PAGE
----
1 1/3 cups (233 grams) granulated sugar
2/3 cup fresh lemon juice
Finely grated zest of 2 lemons
Finely grated zest of 2 oranges
3/4 cup (1 1/2 sticks) cold unsalted butter, chopped

For the Cake:
1 cup (2 sticks) unsalted butter, softened
2 cups (200 grams) granulated sugar
Finely grated zest of 1 lemon
Finely grated zest of 1 orange
4 large eggs, room temperature
3 cups (315 grams) cake flour, sifted
2 1/2 teaspoons (12.5 grams) baking powder
1 teaspoon (5 grams) baking soda
1 teaspoon (3 grams) kosher salt
1 cup buttermilk, room temperature
1 tablespoon vanilla extract

For the Buttercream Frosting:
2 cups (4 sticks) unsalted butter, softened and chopped
3 tablespoons fresh lemon juice, strained
2 tablespoons fresh orange juice, strained
4 large egg whites, room temperature
1 cup (200 grams) granulated sugar
1/8 teaspoon (2 pinches) cream of tartar
Pinch of kosher salt

1. To prepare the lemon curd filling, in a heavy-bottomed saucepan, whisk together eggs, egg yolks, sugar, lemon juice and lemon and orange zest. Place the pan over medium heat and stir constantly until the mixture thickens enough to coat the back of a spoon, 10 to 15 minutes. Off the heat, whisk in the cold butter. Strain through a fine mesh strainer and cover the surface directly with plastic wrap. Make sure that plastic wrap is right up against the lemon curd filling so that it doesn’t form a skin. Refrigerate until thoroughly chilled, at least 2 hours.
2. When you’re ready to prepare the cake, preheat the oven to 350°F. Grease 3 (9-inch) round cake pans with butter or spray with cooking spray and line with baking paper.
3. In the bowl of an electric mixer fitted with the paddle attachment, beat butter on medium speed until creamy and smooth, 1 to 2 minutes. Add sugar and lemon and orange zests and beat the mixture until light and fluffy, about 5 minutes. Be sure to scrape down the sides of the bowl occasionally to incorporate all the sugar with the butter. Add eggs one at a time, beating well after each addition.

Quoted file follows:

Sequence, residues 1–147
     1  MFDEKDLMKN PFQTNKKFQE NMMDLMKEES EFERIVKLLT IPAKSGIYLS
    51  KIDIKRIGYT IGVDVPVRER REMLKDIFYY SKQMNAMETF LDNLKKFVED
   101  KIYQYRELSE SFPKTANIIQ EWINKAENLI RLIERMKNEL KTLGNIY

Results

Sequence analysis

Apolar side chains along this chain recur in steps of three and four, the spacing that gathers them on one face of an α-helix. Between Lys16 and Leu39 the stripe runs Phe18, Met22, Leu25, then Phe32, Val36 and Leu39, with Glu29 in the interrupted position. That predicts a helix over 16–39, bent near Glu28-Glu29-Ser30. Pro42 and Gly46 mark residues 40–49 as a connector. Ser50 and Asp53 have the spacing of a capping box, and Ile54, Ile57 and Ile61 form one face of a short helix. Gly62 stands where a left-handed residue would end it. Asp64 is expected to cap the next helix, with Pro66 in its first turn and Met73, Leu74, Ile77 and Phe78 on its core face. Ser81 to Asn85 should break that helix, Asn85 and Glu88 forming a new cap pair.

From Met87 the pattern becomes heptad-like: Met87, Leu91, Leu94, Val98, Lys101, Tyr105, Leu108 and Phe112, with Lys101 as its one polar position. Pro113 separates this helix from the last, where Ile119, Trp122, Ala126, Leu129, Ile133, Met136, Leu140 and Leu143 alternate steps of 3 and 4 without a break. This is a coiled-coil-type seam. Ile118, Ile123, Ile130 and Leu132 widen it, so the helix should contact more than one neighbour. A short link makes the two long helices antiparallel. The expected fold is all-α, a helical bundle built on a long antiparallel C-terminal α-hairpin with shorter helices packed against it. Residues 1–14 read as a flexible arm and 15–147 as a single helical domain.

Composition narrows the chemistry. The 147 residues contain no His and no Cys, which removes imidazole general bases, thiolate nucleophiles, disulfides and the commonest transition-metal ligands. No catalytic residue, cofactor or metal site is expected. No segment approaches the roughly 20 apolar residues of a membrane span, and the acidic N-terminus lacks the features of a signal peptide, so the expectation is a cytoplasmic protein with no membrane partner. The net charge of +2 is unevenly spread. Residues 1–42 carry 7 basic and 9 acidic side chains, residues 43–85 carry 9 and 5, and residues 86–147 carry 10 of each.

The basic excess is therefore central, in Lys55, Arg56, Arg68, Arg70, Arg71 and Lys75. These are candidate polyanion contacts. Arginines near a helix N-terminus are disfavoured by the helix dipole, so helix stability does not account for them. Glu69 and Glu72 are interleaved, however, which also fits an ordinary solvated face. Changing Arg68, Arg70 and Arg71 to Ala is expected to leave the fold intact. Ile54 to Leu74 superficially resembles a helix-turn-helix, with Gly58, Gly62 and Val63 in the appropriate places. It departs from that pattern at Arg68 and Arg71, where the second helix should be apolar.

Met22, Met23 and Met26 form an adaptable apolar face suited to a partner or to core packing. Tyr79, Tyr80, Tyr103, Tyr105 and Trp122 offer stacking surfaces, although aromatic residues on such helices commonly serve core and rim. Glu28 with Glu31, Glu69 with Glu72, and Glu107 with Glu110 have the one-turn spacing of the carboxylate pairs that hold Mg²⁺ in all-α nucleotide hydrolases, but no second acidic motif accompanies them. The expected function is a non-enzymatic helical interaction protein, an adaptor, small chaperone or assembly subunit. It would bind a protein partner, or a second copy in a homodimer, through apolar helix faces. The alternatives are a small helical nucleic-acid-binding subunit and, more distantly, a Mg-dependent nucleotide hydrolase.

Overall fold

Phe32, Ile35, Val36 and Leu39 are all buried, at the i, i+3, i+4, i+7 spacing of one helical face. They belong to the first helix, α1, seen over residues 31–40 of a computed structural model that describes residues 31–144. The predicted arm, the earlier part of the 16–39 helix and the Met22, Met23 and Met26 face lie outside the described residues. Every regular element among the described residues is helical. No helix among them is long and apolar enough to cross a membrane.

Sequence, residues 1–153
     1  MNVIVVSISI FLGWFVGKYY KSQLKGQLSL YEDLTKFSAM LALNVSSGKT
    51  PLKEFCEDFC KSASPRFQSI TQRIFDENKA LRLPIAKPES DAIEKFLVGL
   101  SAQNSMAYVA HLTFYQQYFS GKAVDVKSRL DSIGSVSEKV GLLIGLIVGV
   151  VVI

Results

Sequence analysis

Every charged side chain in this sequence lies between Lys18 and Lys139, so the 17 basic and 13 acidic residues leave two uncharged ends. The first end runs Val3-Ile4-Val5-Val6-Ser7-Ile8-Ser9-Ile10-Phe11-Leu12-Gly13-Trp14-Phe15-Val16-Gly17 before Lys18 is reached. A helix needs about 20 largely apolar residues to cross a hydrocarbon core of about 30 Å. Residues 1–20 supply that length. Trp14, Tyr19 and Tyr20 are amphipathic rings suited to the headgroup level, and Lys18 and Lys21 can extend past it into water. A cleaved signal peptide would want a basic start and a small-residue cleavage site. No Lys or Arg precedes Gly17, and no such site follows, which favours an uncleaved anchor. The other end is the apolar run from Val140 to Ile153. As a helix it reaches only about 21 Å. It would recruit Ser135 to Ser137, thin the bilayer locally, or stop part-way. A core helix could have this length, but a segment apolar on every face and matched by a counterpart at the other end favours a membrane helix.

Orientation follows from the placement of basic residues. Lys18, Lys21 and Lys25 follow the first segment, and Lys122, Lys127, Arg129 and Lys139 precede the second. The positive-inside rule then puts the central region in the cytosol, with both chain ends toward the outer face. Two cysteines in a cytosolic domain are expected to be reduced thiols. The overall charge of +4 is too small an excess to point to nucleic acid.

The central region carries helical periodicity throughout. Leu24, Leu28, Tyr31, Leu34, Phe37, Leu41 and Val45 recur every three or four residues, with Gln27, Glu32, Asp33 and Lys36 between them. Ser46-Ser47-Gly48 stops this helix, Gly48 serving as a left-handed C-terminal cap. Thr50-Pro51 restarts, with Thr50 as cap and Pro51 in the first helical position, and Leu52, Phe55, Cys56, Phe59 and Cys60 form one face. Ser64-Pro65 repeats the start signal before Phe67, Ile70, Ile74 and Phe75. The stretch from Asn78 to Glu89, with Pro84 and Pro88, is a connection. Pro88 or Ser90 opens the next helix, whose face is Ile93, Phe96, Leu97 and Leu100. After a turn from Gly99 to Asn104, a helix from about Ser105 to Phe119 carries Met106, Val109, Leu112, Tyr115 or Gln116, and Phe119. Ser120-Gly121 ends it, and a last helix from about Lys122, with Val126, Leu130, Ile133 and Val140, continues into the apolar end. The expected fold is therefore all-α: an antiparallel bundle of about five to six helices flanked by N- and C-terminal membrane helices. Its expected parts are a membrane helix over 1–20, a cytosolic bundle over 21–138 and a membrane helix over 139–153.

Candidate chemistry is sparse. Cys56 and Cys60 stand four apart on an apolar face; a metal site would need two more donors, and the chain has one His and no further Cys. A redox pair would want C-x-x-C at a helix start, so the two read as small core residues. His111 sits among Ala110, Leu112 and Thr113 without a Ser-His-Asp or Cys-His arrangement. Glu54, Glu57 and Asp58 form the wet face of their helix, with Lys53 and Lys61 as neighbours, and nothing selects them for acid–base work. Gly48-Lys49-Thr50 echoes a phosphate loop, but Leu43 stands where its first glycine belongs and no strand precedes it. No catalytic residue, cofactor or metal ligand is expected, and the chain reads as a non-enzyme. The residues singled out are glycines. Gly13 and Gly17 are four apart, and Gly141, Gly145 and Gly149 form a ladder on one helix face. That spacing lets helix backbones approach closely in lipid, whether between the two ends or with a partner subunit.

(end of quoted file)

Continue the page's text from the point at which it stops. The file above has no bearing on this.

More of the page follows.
4. In a medium bowl, whisk together flour, baking powder, baking soda and salt. In a small bowl, whisk together buttermilk and vanilla. Beat the flour mixture into the egg mixture in three additions, alternating with the buttermilk mixture and beginning and ending with the flour. Mix just until incorporated and scrape the sides of the bowl down occasionally. Spoon the batter evenly into the prepared pans, smoothing the tops. Bake about 23 to 25 minutes, until a toothpick inserted into the center of the cakes comes out clean. Let cool in pan 10 minutes. Then remove from pans by inverting and peel off baking paper. Thoroughly cool your cakes on wire racks before frosting them.
5. While the cake layers are cooling, prepare the buttercream frosting. In the bowl of an electric mixer fitted with the paddle attachment, beat butter on medium speed until soft and creamy, 2 to 3 minutes. Beat in the lemon and orange juices until combined, about 1 minute. Place in a small bowl and clean out bowl of electric mixer.
6. Place a medium saucepan of barely simmering water on the stove. In the bowl of the electric mixer fitted with the whisk attachment, whisk together egg whites, sugar, cream of tartar and salt on medium speed. Set the bowl over the pan of simmering water and whisk constantly until the mixture registers 140°F on a candy thermometer, about 10 minutes. Set the bowl on the mixer and beat on high speed until the mixture has cooled and soft peaks form, 5 to 10 minutes. Add the creamed butter 1/4 cup at a time, beating well after each addition until smooth.
7. Once the cake layers are cool, assemble the cake. Place one cake layer on a serving plate, with the flat bottom side facing down. Spread half of the lemon curd filling over the surface of the cake. Top with another cake layer, inverted, so the bottom of the cake is facing up. Spread remaining filling over this cake layer. Place the remaining cake layer, also inverted, on top. Spread the buttercream frosting over the top and sides of the cake. And then just try not to cut yourself a piece before the guests come over.

Serves 10 to 12


  • amanda

    Olga, it looks delicious! I have a soft spot for lemon layer cakes, even though I’m a chocolate kind of gal. The tart flavor is too much to pass up. Happy to have read this recipe – can’t wait to get started on it. xo

  • Andrea

    “….and when I woke up, I was sure it was true so I weighed myself just to make sure and drank a diet coke….”


  • emmycooks

    I am a chocolate person and usually choose a chocolate dessert over any other–except for lemon. This cake looks so good! I have to figure out whose birthday I can make it for to pretend I’m not JUST making it to eat myself.